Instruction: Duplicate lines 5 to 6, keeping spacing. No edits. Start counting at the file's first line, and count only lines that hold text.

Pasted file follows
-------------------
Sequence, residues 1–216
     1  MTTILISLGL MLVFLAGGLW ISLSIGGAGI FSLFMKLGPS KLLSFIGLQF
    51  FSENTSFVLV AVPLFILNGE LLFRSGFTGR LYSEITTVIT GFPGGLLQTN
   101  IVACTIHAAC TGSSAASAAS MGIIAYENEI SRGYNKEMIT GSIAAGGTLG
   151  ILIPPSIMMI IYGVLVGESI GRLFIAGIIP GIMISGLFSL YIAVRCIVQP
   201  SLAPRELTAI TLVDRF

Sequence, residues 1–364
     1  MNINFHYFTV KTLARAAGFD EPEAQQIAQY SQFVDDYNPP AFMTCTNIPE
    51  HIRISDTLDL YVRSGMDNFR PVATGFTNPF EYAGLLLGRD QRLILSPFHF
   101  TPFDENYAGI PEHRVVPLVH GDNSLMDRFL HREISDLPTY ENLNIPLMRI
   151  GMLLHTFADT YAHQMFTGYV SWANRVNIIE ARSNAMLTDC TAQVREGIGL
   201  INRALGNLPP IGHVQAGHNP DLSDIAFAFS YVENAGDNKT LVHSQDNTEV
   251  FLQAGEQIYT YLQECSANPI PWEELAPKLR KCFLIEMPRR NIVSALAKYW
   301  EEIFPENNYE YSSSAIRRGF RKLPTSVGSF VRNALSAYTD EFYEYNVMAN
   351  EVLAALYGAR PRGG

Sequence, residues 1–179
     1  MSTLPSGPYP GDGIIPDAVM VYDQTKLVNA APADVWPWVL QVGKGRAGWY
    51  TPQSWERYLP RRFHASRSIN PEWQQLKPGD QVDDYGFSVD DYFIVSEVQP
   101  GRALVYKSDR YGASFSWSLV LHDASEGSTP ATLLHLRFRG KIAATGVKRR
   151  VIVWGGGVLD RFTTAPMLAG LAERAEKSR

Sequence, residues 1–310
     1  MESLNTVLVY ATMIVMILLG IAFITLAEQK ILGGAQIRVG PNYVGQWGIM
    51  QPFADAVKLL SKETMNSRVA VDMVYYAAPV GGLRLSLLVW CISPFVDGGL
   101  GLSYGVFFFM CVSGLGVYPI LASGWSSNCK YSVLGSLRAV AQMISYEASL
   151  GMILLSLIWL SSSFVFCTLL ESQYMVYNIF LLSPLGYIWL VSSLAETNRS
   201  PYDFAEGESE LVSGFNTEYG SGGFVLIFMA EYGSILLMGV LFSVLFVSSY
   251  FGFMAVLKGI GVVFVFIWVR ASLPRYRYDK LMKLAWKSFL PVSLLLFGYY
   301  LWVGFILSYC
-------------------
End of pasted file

   151  ILIPPSIMMI IYGVLVGESI GRLFIAGIIP GIMISGLFSL YIAVRCIVQP
   201  SLAPRELTAI TLVDRF